The Obama Administration’s FY 2011 Budget included a proposal (the “Budget Proposal”) designed to address the incentives created by current U.S. tax rules and to level the playing field between U.S.-owned and foreign-owned groups insuring U.S. risks. Under the Budget Proposal, a U.S. insurance company would be denied a deduction for certain reinsurance premiums paid to an affiliated foreign reinsurance company with respect to U.S. risks insured by the insurance company or its U.S. affiliates, to the extent that: (1) the premiums received by the foreign affiliated reinsurer are not subject to U.S. income tax, and (2) the amount of reinsurance premiums (net of ceding commissions) paid to foreign reinsurers exceeds 50 percent of the total direct insurance premiums received by the U.S. insurance company and its U.S. affiliates for a line of business. A foreign affiliate reinsurer that would otherwise be denied a deduction would be permitted to avoid the application of the provision by electing to treat its income from related party insurance with respect to U.S. risks as effectively connected income for U.S. tax purposes and thus subject to U.S. income tax.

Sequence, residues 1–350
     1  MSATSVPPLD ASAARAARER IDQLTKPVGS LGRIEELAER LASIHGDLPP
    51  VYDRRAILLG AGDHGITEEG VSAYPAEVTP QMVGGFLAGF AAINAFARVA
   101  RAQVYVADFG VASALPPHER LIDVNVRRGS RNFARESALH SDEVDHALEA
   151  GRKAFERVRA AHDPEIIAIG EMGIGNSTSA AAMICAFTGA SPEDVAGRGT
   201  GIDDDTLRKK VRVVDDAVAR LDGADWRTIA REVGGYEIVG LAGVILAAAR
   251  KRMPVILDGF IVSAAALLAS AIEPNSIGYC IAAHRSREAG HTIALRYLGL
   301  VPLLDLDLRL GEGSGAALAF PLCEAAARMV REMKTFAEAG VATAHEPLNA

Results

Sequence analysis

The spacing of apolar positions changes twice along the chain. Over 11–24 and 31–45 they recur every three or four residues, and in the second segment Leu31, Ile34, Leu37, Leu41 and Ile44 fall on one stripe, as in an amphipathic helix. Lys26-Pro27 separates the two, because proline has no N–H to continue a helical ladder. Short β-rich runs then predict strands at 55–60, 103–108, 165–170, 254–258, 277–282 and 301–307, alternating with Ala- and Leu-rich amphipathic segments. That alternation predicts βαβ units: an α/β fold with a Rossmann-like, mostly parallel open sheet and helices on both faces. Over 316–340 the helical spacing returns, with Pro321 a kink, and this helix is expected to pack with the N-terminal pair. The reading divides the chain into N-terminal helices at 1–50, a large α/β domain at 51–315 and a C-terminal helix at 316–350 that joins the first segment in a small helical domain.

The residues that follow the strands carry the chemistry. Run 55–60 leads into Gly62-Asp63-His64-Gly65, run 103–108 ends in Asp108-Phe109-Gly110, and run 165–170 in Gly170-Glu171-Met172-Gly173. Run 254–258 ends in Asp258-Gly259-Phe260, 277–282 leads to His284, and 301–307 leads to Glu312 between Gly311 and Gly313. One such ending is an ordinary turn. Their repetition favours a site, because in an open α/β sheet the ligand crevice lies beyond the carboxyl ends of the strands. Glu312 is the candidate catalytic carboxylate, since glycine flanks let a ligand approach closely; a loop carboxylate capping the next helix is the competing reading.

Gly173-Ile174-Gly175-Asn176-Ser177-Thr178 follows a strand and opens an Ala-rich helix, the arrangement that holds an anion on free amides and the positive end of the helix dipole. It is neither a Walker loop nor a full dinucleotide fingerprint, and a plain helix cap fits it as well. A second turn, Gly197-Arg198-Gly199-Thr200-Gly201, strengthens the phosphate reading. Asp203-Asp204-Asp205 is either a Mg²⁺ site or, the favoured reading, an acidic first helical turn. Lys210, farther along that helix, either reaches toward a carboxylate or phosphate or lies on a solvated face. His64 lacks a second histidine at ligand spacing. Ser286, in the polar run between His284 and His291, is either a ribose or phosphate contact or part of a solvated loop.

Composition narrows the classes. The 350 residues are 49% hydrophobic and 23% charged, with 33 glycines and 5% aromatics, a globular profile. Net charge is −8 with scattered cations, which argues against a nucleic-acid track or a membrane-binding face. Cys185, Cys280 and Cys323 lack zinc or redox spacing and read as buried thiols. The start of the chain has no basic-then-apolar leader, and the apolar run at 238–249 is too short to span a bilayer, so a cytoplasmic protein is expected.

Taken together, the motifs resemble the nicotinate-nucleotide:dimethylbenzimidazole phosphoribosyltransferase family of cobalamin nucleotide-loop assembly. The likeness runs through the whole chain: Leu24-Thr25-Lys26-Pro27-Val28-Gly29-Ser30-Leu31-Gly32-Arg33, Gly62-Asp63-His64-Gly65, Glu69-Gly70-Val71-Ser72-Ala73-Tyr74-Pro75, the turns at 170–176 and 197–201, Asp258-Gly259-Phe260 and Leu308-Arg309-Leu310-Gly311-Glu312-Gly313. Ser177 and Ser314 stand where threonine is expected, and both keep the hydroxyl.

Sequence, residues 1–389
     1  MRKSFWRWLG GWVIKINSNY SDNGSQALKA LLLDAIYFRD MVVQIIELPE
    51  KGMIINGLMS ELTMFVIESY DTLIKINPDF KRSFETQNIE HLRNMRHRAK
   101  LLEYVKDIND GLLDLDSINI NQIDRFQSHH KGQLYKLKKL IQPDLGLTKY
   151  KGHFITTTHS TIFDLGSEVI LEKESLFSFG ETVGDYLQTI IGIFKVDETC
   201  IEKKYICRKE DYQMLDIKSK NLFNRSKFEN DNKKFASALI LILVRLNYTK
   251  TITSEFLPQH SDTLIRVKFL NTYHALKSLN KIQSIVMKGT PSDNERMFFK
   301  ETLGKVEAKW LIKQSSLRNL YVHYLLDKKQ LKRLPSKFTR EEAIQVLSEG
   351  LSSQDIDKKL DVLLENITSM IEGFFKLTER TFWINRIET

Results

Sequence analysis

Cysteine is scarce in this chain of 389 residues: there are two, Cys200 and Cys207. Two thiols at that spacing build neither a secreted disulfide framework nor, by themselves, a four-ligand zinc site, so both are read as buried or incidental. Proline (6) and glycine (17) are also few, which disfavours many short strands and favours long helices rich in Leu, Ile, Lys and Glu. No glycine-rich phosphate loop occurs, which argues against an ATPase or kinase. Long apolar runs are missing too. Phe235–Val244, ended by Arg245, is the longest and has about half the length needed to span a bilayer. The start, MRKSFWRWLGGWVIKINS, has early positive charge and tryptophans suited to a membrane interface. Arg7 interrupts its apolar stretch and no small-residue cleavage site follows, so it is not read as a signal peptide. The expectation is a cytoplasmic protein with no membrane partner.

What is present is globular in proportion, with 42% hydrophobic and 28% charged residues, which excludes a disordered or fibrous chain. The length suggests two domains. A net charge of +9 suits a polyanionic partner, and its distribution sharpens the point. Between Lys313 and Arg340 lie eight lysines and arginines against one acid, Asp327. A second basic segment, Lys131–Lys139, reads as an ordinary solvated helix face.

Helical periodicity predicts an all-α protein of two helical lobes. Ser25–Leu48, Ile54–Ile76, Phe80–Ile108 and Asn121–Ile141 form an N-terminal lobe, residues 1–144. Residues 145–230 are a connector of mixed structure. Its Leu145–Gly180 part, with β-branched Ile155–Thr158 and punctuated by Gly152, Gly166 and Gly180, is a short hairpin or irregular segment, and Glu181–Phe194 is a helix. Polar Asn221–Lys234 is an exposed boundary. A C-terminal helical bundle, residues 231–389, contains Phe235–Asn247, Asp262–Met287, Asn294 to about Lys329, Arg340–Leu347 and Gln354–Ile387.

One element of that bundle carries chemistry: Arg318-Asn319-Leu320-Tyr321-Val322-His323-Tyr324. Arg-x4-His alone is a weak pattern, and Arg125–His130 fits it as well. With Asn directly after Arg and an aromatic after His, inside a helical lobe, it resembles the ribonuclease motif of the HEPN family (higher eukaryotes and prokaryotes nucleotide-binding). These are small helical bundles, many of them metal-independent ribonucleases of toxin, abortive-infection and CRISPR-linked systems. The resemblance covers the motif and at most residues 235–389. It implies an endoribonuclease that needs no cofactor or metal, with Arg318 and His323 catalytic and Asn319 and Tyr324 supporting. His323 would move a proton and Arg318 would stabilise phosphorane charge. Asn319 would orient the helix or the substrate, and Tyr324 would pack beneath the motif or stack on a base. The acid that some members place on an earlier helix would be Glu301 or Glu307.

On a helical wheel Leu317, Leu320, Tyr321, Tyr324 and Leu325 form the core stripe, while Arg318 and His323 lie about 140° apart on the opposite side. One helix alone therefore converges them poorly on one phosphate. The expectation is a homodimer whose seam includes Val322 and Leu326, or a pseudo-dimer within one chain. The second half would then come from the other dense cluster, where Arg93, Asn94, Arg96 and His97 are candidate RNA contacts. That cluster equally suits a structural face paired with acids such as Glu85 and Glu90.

The Budget Proposal would reduce the incentive to use reinsurance to move profits offshore and thereby reduce U.S. tax, by reducing the U.S. tax benefit for doing so in cases in which a U.S. insurer enters into excessive reinsurance with foreign affiliates not subject to U.S. tax. Reducing this inappropriate incentive will help ensure that U.S. tax rules do not facilitate the avoidance of U.S. tax by insurers of U.S. risks.
The Administration believes that it is important to level the playing field between U.S.-owned and foreign-owned insurance companies. We have put forward one specific proposal to do so but remain open to other proposals to achieve this goal.
Mr. Chairman, we appreciate the leadership role that you, Senator Menendez, and the Ways and Means and Finance Committees have taken on this subject. We look forward to working with you and other members of the Subcommittee, as well as the full Committee, on this important issue.
Thank you for the opportunity to testify before the Subcommittee today. I would be pleased to answer any of your questions.
July 14, 2010